In terms of where things are going, we believe that we are entering a new work era where it will no longer be acceptable to make decisions without a solid evidence base to back it up.
TUD: Can you talk about the seed round and what it means for your business and users?
LH: In the past year we’ve worked with customers around the globe - in more than 500 neighbourhoods and 10 countries. We have more customers than we can service which is a good problem to have.
We’ve raised capital to invest in building this new product and to accelerate our growth. We’ve learned a lot about our data and the opportunities in the past year. This has helped us identify a whole lot of new product insights we want to build to provide better value to customers - particularly the ability to benchmark cities and to compare change over time more easily.
Raising capital has also allowed us to align ourselves with strategic investors like Carol Schwartz's Trawalla Group and Scale Capital.
TUD: And finally, a few fun facts... A recent book you enjoyed?
LH: I recently read Michelle Obama’s Becoming which was challenging, inspiring, and made transparent some of the very systemic issues of privilege we all need to be more aware of.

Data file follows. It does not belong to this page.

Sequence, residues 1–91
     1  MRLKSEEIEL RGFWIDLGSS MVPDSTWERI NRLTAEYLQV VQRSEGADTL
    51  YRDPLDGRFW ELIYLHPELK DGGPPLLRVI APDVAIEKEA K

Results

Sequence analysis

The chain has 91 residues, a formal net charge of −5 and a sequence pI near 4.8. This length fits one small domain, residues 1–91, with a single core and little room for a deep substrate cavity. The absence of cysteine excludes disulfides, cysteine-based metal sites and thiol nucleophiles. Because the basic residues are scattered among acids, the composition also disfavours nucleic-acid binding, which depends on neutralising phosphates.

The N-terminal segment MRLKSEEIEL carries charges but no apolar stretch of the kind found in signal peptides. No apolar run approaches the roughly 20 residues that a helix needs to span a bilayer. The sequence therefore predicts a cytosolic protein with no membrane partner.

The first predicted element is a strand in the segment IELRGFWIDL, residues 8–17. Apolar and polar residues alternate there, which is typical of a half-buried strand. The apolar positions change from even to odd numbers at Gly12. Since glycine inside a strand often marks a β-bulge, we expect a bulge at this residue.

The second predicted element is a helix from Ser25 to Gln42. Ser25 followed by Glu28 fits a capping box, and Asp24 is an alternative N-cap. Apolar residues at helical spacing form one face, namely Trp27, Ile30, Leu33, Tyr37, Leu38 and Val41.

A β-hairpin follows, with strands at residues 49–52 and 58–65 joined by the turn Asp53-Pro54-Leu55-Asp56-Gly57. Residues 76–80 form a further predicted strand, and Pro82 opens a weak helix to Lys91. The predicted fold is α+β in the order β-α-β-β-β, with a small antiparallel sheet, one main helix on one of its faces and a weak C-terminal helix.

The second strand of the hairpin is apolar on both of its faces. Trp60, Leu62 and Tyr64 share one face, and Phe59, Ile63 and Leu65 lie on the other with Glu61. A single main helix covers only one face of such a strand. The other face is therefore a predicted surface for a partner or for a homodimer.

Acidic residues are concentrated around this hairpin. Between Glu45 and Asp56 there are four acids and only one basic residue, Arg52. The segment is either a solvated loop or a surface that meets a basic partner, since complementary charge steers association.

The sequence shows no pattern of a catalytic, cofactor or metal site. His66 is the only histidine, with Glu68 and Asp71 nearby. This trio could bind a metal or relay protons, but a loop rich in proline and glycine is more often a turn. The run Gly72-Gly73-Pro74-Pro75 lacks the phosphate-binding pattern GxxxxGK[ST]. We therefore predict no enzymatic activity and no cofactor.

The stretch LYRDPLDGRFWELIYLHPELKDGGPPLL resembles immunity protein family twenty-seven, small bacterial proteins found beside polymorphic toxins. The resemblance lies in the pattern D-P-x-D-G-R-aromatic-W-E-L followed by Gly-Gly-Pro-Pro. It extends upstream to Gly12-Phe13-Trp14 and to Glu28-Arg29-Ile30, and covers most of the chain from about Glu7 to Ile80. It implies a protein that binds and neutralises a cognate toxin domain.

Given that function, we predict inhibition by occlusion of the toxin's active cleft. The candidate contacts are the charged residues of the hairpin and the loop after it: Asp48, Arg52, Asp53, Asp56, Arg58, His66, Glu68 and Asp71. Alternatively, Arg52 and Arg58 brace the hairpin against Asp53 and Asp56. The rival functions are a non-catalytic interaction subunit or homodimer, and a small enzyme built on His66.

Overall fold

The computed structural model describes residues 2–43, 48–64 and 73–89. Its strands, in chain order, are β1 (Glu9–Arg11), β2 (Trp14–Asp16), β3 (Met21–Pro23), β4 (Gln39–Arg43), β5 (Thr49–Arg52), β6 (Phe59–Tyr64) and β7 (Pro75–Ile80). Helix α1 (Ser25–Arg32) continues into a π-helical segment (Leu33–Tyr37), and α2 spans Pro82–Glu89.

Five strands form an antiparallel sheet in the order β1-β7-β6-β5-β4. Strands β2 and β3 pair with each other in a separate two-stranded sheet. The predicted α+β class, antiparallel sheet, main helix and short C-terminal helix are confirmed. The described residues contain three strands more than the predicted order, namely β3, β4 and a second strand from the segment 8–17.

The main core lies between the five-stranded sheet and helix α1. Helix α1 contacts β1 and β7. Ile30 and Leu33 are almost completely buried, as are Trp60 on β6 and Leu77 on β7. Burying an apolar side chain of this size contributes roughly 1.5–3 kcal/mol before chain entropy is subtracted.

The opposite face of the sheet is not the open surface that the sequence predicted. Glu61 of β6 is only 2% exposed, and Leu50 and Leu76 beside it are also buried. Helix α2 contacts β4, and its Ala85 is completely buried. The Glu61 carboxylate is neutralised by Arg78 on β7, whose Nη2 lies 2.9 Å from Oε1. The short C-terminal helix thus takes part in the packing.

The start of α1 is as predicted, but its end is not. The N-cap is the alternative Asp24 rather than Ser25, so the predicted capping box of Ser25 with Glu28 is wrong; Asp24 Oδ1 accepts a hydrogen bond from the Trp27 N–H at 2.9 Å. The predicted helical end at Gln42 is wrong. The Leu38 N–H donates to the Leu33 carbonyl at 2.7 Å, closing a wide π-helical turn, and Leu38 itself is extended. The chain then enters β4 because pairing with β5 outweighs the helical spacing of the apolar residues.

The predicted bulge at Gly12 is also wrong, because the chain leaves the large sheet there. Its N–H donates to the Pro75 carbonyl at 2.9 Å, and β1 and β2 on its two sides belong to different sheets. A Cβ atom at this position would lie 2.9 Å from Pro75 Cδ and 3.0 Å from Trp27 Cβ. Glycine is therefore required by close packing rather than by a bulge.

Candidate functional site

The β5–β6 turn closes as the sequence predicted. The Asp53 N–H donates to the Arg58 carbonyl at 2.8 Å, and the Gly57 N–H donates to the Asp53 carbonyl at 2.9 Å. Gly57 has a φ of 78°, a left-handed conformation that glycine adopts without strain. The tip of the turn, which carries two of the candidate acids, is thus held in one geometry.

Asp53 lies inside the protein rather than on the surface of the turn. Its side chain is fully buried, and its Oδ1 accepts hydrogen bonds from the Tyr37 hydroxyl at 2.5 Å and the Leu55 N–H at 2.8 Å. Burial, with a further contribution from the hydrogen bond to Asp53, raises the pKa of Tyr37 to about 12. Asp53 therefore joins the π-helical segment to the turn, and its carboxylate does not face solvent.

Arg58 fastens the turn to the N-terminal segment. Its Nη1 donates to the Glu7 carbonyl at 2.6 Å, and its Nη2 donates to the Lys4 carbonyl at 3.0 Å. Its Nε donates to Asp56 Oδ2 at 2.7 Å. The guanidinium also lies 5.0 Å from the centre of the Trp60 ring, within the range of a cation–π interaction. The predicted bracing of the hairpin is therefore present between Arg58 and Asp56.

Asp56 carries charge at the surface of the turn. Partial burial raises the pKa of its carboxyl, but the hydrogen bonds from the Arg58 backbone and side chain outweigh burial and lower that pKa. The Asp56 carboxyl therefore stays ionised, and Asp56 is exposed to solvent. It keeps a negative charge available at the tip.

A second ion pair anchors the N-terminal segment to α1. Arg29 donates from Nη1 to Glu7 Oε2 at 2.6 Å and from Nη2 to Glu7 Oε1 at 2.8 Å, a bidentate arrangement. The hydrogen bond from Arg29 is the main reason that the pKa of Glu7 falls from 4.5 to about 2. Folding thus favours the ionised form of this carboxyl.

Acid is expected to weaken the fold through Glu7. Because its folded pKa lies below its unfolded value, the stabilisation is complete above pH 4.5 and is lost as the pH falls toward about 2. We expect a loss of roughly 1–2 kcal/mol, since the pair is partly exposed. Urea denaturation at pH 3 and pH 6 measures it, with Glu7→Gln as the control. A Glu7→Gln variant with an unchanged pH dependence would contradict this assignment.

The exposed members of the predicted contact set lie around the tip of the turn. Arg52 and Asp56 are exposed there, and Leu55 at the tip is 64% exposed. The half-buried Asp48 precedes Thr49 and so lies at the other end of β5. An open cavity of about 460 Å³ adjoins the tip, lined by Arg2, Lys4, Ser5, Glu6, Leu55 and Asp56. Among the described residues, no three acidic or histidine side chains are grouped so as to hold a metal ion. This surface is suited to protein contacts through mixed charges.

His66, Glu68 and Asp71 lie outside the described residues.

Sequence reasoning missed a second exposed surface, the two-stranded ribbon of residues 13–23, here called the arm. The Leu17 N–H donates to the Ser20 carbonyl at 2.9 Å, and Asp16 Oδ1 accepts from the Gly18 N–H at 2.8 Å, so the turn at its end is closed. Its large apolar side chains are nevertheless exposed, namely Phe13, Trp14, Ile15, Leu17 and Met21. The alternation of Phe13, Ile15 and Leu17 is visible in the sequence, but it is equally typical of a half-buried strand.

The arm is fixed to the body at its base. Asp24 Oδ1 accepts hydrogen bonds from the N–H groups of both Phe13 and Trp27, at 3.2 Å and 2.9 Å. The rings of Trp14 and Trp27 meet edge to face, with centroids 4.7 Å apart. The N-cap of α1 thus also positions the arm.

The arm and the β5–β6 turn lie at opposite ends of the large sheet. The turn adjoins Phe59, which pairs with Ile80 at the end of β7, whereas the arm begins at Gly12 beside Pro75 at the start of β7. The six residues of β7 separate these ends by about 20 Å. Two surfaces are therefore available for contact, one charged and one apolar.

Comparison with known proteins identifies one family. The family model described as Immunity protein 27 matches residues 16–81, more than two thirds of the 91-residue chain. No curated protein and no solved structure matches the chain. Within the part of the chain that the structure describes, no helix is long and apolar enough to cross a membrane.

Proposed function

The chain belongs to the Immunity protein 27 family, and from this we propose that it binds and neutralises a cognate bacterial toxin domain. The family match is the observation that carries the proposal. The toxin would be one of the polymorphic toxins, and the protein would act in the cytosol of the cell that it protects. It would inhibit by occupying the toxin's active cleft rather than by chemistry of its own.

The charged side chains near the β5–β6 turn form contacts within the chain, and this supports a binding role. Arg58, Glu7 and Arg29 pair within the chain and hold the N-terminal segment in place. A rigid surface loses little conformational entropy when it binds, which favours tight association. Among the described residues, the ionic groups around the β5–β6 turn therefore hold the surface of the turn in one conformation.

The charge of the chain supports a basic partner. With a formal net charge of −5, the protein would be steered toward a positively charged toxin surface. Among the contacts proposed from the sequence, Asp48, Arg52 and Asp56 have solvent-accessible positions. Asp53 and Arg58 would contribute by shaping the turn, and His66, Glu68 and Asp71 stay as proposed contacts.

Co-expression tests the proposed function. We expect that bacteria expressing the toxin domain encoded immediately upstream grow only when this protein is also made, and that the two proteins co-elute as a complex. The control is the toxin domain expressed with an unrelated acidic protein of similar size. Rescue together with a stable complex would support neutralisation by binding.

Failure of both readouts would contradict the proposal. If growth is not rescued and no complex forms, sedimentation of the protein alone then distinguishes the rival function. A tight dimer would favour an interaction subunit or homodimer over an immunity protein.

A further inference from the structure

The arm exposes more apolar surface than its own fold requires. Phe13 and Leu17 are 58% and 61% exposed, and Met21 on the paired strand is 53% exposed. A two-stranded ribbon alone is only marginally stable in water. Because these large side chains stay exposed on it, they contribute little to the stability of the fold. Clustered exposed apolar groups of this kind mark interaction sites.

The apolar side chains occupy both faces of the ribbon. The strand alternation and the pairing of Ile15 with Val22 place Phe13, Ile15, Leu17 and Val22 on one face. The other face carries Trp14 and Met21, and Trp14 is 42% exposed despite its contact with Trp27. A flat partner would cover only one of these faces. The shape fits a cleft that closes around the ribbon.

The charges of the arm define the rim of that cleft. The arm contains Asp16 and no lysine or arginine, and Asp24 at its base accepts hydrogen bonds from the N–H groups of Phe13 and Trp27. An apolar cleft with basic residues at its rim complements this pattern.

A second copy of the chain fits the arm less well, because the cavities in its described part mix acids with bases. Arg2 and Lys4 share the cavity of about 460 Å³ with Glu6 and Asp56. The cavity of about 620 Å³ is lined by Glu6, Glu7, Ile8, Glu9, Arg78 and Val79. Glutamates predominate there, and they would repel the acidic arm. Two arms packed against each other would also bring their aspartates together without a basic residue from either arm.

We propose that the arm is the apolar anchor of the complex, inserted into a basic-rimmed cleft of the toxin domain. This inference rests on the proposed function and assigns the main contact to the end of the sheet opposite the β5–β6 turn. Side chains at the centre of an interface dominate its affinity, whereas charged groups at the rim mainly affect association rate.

Also Gino Wickman’s Traction, which is a must read for anyone thinking about implementing agile operations and structures to suit fast growing businesses.
TUD: A recent podcast you enjoyed?
LH: I’m addicted to How I Built This by NPR. Global startups, built by ordinary people.
TUD: Three must visit places in Melbourne?
LH: Preston Market (my neighbourhood), Yarra Bend and Royal Arcade in the City.
TUD: The best keynote you have watched/witnessed?
LH: I recently attended Singularity University’s Exponential Innovation Program based at NASA.
There was no one talk that stood out but rather hearing the world’s leading innovation from the people who are creating it was jaw dropping and mind stretching.
Think emotional robots, mars space travel, understanding the superpower of your gut’s microbiome and the exponential pace of technology: things are moving as slow today as they ever will again.